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Diving (sport)

 

Diving is the sport of jumping or falling into water from a platform or springboard, usually while performing acrobatics. Diving is an internationally recognized sport that is part of the Olympic Games. In addition, unstructured and non-competitive diving is a recreational pastime.

It was at this event that the Swedish tradition of fancy diving was introduced to the sport by the athletes Otto Hagborg and C F Mauritzi. They demonstrated their acrobatic techniques from the 10m diving board at Highgate Pond and stimulated the establishment of the Amateur Diving Association in 1901, the first organization devoted to diving in the world (later amalgamated with the Amateur Swimming Association). Fancy diving was formally introduced into the championship in 1903.

Most diving competitions consist of three disciplines: 1 m and 3 m springboards, and the platform. Competitive athletes are divided by gender, and often by age group. In platform events, competitors are allowed to perform their dives on either the five, seven and a half (generally just called seven), nine, or ten meter towers. In major diving meets, including the Olympic Games and the World Championships, platform diving is from the 10 meter height.

In synchronised diving events, there is a panel of seven, nine, or eleven judges; two or three to mark the execution of one diver, two or three to mark the execution of the other, and the remaining three or five to judge the synchronisation. The execution judges are positioned two on each side of the pool, and they score the diver which is nearer to them. The 2012 London Olympics saw the first use of eleven judges.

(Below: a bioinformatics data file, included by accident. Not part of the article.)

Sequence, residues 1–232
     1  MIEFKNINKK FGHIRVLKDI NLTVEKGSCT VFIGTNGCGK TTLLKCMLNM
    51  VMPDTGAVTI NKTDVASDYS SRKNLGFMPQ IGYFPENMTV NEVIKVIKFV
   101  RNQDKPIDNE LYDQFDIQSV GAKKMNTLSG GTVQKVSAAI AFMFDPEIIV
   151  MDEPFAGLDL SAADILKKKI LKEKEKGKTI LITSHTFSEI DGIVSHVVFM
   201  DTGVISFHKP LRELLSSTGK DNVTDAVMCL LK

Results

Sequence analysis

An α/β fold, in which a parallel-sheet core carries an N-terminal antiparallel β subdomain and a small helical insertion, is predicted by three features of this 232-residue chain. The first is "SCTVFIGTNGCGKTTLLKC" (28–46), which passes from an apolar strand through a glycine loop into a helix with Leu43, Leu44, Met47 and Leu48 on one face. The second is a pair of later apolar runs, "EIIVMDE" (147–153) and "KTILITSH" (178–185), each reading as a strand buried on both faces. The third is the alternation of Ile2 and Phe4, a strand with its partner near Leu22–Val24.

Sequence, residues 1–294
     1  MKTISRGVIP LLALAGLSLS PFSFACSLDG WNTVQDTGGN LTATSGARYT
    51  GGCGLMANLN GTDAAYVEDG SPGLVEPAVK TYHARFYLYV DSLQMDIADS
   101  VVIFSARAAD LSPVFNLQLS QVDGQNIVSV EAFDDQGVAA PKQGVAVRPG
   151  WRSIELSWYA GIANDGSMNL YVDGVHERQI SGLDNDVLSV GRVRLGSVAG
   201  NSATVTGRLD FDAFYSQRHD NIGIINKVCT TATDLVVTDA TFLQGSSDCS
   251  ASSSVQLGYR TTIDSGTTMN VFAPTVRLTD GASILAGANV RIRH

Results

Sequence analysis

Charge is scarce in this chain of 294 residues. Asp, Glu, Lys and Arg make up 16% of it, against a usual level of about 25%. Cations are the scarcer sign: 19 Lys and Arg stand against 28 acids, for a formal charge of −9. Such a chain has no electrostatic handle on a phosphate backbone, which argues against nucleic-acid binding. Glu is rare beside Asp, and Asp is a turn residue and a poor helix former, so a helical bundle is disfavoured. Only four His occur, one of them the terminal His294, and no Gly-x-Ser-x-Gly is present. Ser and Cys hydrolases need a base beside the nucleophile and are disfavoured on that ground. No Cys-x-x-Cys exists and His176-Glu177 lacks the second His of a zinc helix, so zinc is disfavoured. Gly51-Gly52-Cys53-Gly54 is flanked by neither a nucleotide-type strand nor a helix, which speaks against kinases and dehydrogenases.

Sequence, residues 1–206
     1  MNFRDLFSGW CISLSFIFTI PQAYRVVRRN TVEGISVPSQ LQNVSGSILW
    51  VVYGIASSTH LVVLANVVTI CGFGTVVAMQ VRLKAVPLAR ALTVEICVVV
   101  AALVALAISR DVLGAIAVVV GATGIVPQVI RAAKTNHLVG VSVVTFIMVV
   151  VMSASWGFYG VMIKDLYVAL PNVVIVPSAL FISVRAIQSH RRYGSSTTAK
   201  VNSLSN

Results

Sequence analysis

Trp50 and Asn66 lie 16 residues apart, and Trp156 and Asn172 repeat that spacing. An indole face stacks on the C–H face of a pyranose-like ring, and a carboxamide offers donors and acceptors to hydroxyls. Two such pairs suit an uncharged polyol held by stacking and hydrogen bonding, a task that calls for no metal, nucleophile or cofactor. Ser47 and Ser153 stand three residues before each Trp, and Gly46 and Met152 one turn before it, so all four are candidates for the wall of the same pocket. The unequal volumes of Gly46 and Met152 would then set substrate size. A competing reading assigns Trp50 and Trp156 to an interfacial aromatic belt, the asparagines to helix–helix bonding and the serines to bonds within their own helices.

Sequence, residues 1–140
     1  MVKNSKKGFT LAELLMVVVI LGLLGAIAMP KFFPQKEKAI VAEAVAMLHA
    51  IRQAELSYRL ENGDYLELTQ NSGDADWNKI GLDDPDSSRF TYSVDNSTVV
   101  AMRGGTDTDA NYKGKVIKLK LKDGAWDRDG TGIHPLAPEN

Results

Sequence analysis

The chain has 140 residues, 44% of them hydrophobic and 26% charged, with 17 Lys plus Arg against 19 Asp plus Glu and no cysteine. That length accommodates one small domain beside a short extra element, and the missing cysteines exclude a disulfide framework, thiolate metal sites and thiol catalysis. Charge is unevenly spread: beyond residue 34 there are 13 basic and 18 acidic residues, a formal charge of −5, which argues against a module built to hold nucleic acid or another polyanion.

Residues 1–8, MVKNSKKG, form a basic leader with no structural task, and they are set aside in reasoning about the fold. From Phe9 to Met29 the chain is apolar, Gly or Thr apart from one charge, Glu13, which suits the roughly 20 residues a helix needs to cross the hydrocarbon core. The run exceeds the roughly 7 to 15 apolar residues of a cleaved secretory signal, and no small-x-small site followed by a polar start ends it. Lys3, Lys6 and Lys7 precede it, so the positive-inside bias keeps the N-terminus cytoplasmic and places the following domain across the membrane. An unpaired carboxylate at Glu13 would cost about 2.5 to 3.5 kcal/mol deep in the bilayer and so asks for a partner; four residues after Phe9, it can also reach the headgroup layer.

In competition, divers must submit their lists beforehand, and once past a deadline (usually when the event is announced or shortly before it begins) they cannot change their dives. If they fail to perform the dive announced, even if they physically cannot execute the dive announced or if they perform a more difficult dive, they will receive a score of zero. Under exceptional circumstances, a redive may be granted, but these are exceedingly rare (usually for very young divers just learning how to compete, or if some event outside the diver's control has caused them to be unable to perform-such as a loud noise).

The global governing body of diving is FINA, which also governs swimming, synchronised swimming, water polo and open water swimming. Almost invariably, at national level, diving shares a governing body with the other aquatic sports.

Since FINA refused to rescind recognition of the ASA as the British governing body for all aquatic sports including diving, this meant that the elite divers had to belong to ASA-affiliated clubs to be eligible for selection to international competition.

Until the mid-1990s the tariff was decided by the FINA diving committee, and divers could only select from the range of dives in the published tariff table. Since then, the tariff is calculated by a formula based on various factors such as the number of twist and somersaults, the height, the group etc., and divers are free to submit new combinations. This change was implemented because new dives were being invented too frequently for an annual meeting to accommodate the progress of the sport.

The opening of the body for the entry does not stop the rotation, but merely slows it down. The vertical entry achieved by expert divers is largely an illusion created by starting the entry slightly short of vertical, so that the legs are vertical as they disappear beneath the surface. A small amount of additional tuning is available by 'entry save' techniques, whereby underwater movements of the upper body and arms against the viscosity of the water affect the position of the legs.


 



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